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Estimation of hyporheic water residence time using 222Rn and coupling to biogeochemical processes

Marco Pittroff1, Benjamin Gilfedder1
1 Department of Hydrology, University of Bayreuth

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The hyporheic zone is an active exchange zone and ecological niche at the interface between groundwater and surface water systems. Exchanges of water, nutrients, and organic matter are driven by variations in the flow regime, bed topography and porosity.

There has recently been an increasing focus on coupling residence times of surface water in the hyporheic zone with biogeochemical reactions. While geochemical profiles can be readily measured using established geochemical sampling techniques (e.g. peepers), quantifying surface water residence times and flow paths within the hyporheic zone is more complex. The nobel gas radon (222Rn) offers a good method for quantification of surface water residence times in the hyporheic zone. The aim is to understand (i) can Rn be used to quantify residence time in the hyporheic zone (ii) the influence of residence time in controlling biogeochemical processes.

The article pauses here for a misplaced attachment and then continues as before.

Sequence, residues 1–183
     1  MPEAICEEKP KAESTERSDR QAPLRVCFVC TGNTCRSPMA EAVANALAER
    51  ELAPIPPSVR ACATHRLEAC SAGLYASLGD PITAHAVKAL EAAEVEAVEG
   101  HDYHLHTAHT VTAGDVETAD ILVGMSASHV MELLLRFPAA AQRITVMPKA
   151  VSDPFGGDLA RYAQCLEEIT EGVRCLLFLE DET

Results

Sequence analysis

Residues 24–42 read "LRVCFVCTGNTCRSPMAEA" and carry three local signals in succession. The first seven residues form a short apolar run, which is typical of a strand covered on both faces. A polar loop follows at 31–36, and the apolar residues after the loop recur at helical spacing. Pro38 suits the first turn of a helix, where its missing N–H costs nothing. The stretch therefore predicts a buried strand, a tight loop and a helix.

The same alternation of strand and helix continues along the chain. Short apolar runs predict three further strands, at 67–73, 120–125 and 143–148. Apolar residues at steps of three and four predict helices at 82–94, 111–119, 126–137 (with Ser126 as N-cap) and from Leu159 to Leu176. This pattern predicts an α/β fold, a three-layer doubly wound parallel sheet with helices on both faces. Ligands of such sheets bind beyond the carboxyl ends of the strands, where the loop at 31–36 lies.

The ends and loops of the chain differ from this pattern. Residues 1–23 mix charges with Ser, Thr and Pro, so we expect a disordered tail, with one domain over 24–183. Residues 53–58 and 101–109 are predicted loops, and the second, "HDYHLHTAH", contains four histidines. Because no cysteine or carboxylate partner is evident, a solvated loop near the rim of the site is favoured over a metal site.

Measurements were made in two sandy riffle-pool sequences on the Roter Main downstream of the city of Bayreuth. The Radon activity and geochemical parameters (NO3-, SO42-, DOC, DON, DO, CO2 and CH4) were measured in the sediment at 10 different depths (-5 to -50cm) in 5 cm intervals. Hyporheic zone exchange was observed across the entire sediment profile. The results showed that there is a clear dependence of biogeochemical processes on the residence time. Thus biogeochemical reactions can be strongly controlled by water and solute residence times in the hyporheic zone.

last modified 2014-09-10